Sucking when not feeding

Sucking helps the baby relax and calm down. Outside of oral feeding times, you can offer the baby your little finger or a pacifier to suck on. You could also pour some breast milk on your finger or on the pacifier.

Benefits of sucking for the baby:

  • Helps baby self-regulate and relax
  • Reduces agitation
  • Reduces stress associated with tube feeding
  • Improves ability to bottle-feed
  • Helps baby get back to sleep
  • Helps alleviate pain

For all these reasons, sucking outside of feeding times reduces length of stay in the NICU.

Best ways to comfort and calm your baby

  • Ways to soothe a crying baby:
    • Let the baby try to relax on his own for a few moments
      • Without your touching him, he may bring his hands to his mouth and calm down by himself
    • Looking at the baby, speak softly to him without touching him
    • Offer a comforting hand
      • Put a hand on his tummy and wait
      • Bend his arms gently and bring them closer in to his body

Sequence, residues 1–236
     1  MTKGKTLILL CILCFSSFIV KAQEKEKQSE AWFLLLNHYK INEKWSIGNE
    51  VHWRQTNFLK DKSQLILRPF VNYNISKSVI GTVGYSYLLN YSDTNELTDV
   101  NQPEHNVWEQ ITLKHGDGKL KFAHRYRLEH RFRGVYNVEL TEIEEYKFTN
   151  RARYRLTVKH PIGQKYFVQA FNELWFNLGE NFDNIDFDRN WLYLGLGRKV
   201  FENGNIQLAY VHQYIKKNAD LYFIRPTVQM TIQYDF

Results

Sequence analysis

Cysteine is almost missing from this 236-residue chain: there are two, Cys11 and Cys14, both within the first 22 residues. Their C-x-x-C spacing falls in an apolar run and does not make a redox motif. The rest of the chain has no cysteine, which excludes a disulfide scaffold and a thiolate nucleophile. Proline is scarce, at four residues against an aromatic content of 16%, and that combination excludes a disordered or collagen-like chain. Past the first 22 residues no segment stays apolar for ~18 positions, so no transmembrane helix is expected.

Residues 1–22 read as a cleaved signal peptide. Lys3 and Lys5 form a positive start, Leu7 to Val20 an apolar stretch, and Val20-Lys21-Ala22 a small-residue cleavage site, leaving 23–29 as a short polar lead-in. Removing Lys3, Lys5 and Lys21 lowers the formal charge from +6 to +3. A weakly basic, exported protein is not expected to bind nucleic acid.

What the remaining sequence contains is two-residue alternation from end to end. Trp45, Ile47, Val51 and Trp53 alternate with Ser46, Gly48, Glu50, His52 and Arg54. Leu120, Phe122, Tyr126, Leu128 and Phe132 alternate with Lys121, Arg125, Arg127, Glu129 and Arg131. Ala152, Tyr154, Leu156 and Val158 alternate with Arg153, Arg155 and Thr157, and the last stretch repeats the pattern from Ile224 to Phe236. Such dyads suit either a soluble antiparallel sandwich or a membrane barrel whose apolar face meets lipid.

• With one hand on his head, fold his legs gently over his tummy with your other hand
      • Enfold both arms flexed in one hand and both legs flexed in the other
      • face him and put one hand on his head, the other on his hip, keeping the legs flexed
      • If the baby is on his back
      • If the baby is on his side
    • Swaddle the baby, either partly (freeing the arms) or completely (including both arms and legs)
    • Cradle him in your arms, in a flexed position
    • Rock him gently
    • Give him something to suck on
To summarize

This module describes a few basic strategies for decoding your baby’s behaviour, stimulating the baby, and comforting the baby. There will be times when these strategies may not be enough. Some babies require more, and there will be times when even an easy-going baby becomes trying.

Through the blog on this website, or better still in person, we invite you to share your suggestions, rewards and tribulations with a health care professional with years of experience in preterm births.

Interesting articles

Here are a few articles that may be of interest. They are all written by health care professionals and are tailored to parents:

Why it’s important

A bit of theory

Basic concepts

How to ...

Useful links

Nous rejoindre

Veuillez nous faire part de toute question ou commentaire et nous vous contacterons dans les plus brefs délais.